Sunday, February 12, 2012

What Quality of Opponent Means to the Atlanta Hawks

The Hawks have killed inferior teams. They're 13-1 against teams below .500, outscoring those opponents by 14.8 points per 100 possessions.

The Hawks have struggled against teams with .500 records or better, going 5-8 and getting outscored by 5 points per 100 possessions.

Some comparisons:

OpponentOff EffDef EffTS%FT RateOR%DR%TO%Opp TO%
under .500113.298.455.222.428.876.214.717.5
over .5009810350.6
17.619.974.21616.1

Against average or better opponents, the Hawks have been just as bad offensively as bad teams have been while going 1-13 against them. It's an across-the-board offensive failing. The Hawks shoot worse from the field, rebound far fewer of those missed shots, get to the line less often, and turn the ball over more often.

It's a bit worse for the current-state Hawks than even that table suggests. The Hawks went 2-3 against teams with winning records before Al Horford got hurt. They've gone 3-5 against those teams without Horford. That's not a big difference record-wise (.400 vs. .375). It's a bit different if you look at the efficiency margin:

Opponents
over .500
Off EffDef EffMargin
w/ Horford101.3100.6+0.7
w/o Horford95.8104.6-8.8

Though he was a frustratingly low usage player this season, even by his standards, before he tore his pectoral, the Hawks really benefited from the efficiency he offered on the possessions he did use against better opponents. Especially since two of the team's most efficient players*, Marvin Williams (56.1 TS%) and Tracy McGrady (55.9 TS%), rarely share the court.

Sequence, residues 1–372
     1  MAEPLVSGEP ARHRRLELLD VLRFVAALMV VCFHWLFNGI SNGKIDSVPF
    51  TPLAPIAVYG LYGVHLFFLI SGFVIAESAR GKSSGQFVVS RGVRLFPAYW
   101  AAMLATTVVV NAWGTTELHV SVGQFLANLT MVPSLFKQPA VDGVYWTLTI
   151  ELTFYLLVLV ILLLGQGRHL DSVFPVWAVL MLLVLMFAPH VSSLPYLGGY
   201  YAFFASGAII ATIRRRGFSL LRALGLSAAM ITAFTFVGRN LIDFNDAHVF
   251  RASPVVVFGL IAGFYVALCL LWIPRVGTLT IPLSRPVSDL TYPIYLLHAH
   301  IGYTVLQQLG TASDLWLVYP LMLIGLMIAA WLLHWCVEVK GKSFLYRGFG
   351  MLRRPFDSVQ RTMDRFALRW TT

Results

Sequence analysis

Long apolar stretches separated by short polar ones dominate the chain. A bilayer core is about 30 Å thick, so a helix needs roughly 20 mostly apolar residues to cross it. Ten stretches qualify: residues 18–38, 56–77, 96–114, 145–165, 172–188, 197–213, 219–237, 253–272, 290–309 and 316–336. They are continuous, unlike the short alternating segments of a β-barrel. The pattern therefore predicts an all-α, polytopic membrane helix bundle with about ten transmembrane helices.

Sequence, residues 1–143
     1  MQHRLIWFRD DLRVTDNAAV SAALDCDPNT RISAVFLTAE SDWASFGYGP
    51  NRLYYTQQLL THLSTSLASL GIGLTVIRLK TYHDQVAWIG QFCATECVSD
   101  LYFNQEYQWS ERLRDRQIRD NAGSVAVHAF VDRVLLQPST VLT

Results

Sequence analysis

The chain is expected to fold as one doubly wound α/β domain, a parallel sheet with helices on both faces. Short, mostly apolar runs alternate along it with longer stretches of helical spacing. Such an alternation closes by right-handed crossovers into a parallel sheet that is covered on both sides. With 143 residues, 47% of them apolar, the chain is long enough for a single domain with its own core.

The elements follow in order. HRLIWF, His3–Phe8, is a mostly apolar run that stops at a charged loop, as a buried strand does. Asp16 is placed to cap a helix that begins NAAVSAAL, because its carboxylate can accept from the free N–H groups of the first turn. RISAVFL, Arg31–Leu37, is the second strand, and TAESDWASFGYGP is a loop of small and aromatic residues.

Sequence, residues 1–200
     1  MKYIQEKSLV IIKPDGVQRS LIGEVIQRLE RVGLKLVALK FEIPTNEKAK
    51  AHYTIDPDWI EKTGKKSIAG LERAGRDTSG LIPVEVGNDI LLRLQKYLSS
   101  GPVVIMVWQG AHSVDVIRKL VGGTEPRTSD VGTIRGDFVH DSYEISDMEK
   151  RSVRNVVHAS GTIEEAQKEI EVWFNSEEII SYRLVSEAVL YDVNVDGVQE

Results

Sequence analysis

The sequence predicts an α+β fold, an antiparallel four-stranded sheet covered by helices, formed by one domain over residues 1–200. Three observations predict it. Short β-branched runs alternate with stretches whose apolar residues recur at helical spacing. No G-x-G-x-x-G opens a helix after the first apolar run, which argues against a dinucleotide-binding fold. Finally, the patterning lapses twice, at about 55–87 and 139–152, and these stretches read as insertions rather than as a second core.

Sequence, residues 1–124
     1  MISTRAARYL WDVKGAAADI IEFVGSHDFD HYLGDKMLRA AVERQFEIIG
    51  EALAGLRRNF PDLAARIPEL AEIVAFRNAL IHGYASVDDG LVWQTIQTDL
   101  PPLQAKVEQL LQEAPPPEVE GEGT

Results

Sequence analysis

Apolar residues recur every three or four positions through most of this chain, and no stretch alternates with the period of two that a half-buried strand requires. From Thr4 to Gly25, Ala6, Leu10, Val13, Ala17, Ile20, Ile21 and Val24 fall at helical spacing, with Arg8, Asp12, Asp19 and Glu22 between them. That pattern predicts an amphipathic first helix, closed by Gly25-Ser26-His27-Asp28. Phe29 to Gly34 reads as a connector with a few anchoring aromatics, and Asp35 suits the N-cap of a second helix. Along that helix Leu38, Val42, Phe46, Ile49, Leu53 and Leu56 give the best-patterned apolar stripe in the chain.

*Teague (55.6) and Pachulia (58.8) both have good True Shooting Percentages themselves but they also turn the ball over more often than McGrady and much more often than Williams, who, this season, is shooting the ball well, getting to the free throw line, rebounding and not turning the ball. He's playing a career low minutes per game. Go figure.

4 comments:

Mark said...

I am forever unhappy with Marvin's minutes, but on a side note, the Hawks have beaten two +.500 teams back-to-back, and Josh has come up big on the glass. Do you think that is one of the keys to making the leap to the next level?

Bret LaGree said...

Mark --

Rebounding was a huge factor in the Indian game, as the Hawks turned Indiana's misses into transition points in the first half.

Another factor in both wins was three-point shooting. The Hawks took 38 three-pointers in the two games. In the first 11 games against teams above .500, they only attempted 15 three-pointers a game, despite making 38% of them.

pablo debs said...

i feel as though the coach has no idea what to do with the marvin-tmac setup, i honestly know tracy could contribute more if he was starting. no matter what your told 7 time all stars ans 2 time leading scorers dont like sitting on the bench.

Buddy said...

The difference with and without Horford becomes even more dramatic when you consider that the Hawks could have been 5-1 against teams above .500. If Drew hadn't instructed his team not to foul with 5 seconds to play at home against Miami and if he had tried trapping Derrick Rose in the 4th quarter of the loss to Chicago instead of expecting Teague to guard him 1-on-1 in isolation, this contrast would be even more stark.

I wrote that Zaza could replace much of Horford's production in terms of rebounding and scoring if given Horford's minutes as a starter. His performance this month against All-Star centers I feel has vindicated me there. But Zaza can't replace Horford, as the numbers show. Nevertheless as Bret said, it raises the question why Zaza wasn't given consistent minutes in the first place. I guess LD thought Josh Powell was a better NBA center than Zaza, just like he thought Bibby was a better point guard than Teague.